drill-specifications

One day I was using my Black & Decker drill to unscrew a hinge from a wooden door which I was thinking of reusing. Nowadays wooden doors are becoming pretty expensive depending on the type of wood and size. So, I was going to keep the door as it would definitely be useful one day.

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Coming back to the drill, I needed to screw back some of the screws into the door minus the hinge for storage. When I tried to reverse the drills direction of rotation for screwing in instead of unscrewing, the switch failed. Well, after almost seven years of faithful service something was finally breaking down.

Later when I had the time I opened up the drill and scrutinised the circuit. The toggle switch had worn out and would need to be replaced. Unfortunately my drill was such an old model that the part was no longer available. Since the motor itself was still in good operating condition I decided to fabricate an external toggle switch.

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Following the internal circuitry of the drill it was clear that the drill reversed it’s rotation when the live and neutral (single phase) were reversed. It was then a simple matter of buying a double pole, double throw toggle switch, housing it in a small plastic box and appropriately connecting it to four wires joined to the original contact points of the faulty toggle switch. Cross connecting the top two poles of the switch with the bottom two poles and with the center being common ensured that throwing the switch from end to end would effectively reverse the circuit.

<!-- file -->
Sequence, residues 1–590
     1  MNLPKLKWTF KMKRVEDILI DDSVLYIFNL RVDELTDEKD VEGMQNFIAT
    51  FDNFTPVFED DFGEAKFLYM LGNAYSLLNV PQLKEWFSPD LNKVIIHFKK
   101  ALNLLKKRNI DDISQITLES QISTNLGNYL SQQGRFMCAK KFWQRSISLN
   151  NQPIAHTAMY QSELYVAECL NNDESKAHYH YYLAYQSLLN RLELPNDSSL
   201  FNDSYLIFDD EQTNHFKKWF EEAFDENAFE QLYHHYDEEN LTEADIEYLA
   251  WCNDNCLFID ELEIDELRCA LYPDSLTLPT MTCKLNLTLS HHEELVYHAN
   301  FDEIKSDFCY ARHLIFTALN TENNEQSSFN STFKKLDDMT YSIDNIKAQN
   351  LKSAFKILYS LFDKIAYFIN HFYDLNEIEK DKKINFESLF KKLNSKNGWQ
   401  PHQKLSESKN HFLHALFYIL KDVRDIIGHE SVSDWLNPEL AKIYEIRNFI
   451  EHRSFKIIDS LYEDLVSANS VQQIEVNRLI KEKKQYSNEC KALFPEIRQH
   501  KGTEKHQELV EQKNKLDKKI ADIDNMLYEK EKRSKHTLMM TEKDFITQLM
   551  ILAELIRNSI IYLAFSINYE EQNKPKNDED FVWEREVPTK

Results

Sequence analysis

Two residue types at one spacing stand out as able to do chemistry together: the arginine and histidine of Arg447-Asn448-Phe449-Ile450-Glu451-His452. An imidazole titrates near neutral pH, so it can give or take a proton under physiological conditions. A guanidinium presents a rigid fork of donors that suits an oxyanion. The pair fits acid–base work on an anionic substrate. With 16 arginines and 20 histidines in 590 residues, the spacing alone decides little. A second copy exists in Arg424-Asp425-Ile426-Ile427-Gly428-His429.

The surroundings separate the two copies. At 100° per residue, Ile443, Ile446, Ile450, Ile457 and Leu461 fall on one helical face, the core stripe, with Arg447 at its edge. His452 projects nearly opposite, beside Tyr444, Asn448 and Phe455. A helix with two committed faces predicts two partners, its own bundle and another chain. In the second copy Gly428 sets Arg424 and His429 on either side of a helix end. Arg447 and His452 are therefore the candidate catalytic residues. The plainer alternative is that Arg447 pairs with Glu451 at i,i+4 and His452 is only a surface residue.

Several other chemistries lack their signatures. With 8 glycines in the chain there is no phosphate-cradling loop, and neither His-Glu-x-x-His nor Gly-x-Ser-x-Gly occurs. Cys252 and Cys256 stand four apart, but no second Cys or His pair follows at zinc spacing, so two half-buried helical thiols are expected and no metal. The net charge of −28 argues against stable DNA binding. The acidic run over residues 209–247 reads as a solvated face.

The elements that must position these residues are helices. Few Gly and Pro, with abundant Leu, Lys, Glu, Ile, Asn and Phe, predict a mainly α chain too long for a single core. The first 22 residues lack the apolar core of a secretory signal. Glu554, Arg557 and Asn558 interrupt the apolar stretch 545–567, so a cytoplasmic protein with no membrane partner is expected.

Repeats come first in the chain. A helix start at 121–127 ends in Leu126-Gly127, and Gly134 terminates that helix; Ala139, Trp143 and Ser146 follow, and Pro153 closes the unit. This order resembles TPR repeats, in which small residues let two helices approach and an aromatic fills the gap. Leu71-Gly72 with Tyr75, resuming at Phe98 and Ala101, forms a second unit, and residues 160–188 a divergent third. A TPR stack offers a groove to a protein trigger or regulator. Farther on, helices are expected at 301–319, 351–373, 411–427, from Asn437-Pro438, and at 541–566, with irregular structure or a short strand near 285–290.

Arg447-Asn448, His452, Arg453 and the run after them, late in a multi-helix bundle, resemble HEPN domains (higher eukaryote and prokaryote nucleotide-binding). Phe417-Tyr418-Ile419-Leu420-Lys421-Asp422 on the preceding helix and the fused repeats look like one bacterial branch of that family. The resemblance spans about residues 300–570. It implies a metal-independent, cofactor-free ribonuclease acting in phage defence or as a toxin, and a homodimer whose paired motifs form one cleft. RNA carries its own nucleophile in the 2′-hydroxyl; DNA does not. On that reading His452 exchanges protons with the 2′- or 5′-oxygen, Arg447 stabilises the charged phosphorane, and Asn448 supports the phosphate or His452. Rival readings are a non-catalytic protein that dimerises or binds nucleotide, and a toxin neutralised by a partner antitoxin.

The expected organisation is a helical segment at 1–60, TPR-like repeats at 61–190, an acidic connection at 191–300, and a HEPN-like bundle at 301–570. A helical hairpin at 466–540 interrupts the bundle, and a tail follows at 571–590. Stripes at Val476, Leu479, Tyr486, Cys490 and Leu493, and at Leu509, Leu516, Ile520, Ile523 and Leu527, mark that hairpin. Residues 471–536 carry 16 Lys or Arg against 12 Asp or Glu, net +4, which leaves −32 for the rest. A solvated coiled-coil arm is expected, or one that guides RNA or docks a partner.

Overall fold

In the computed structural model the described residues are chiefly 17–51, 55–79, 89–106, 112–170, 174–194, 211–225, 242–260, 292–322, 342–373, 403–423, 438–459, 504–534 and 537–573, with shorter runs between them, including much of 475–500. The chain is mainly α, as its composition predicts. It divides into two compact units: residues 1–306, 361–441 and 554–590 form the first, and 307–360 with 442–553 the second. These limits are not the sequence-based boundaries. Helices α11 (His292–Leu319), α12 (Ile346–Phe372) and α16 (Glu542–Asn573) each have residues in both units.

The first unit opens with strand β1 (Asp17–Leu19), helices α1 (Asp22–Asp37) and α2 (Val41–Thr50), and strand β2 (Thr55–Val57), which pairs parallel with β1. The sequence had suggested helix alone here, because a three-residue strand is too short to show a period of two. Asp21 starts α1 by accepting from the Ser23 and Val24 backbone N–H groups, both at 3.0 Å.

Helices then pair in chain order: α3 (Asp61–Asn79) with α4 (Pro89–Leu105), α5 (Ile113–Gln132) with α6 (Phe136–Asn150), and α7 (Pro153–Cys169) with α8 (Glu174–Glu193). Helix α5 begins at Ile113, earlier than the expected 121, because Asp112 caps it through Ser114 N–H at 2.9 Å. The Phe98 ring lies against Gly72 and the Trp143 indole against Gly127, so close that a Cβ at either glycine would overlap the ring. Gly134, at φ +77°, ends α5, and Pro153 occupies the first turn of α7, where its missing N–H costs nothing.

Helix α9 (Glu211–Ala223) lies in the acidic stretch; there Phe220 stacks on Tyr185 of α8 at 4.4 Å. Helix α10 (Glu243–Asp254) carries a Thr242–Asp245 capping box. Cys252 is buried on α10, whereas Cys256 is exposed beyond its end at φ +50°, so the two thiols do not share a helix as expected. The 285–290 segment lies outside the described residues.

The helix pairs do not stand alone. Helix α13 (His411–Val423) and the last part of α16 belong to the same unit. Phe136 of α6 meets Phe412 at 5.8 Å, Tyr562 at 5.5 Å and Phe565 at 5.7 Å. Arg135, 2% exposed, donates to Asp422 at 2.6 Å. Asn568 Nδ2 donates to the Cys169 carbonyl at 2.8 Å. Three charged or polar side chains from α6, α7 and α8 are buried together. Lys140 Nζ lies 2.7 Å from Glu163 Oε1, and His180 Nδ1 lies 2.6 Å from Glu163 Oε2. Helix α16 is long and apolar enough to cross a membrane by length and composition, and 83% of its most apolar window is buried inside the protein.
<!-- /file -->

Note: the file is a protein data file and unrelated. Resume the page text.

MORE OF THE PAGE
Some time ago I decided to format and reinstall Windows XP on to my EEE pc 901 notebook which had an unremovable virus. My notebook does not have a CD rom drive and instead of buying a USB CD rom drive I decided to save some money and just use my 1 gb USB thumb drive / stick to do the job.

The following will be required : –

  1.   A USB thumb drive with at least 1 gb of capacity. Windows XP home will occupy about 670 megabytes on the drive.
  2.   The following two zipped folders with the correct files within (a) USB_prep8 and (b) bootsect (download them here )
  3.   A personal computer or laptop running Windows XP or Vista with a CD-ROM drive.
  4.   A genuine copy of Windows XP or Vista.

There are 2 main procedures to be followed.
A) The first is to prepare a USB stick with windows installation files loaded which can boot up a notebook computer.
B) The second is to install the windows operating system onto the notebook.

PROCEDURE A , will be preparing the USB stick.

  1. Insert the Windows CD into the CD rom drive and insert the USB stick into the same computer. Wait a while to close any auto opened   windows. Take note of the drive letters assigned to your CD rom and USB by your computer.
  2. Unzip the USB_prep8 and bootsect files.
  3. In the unzipped USB_prep8 folder, double click the USB_prep8.cmd file. It will run and a command prompt will open. Ignore it and press any key to continue. A PeToUSB window will now open.
  4. Don’t change anything in the PeToUSB window, just click “Start”. Formatting of your USB will then start. It will only take a few seconds.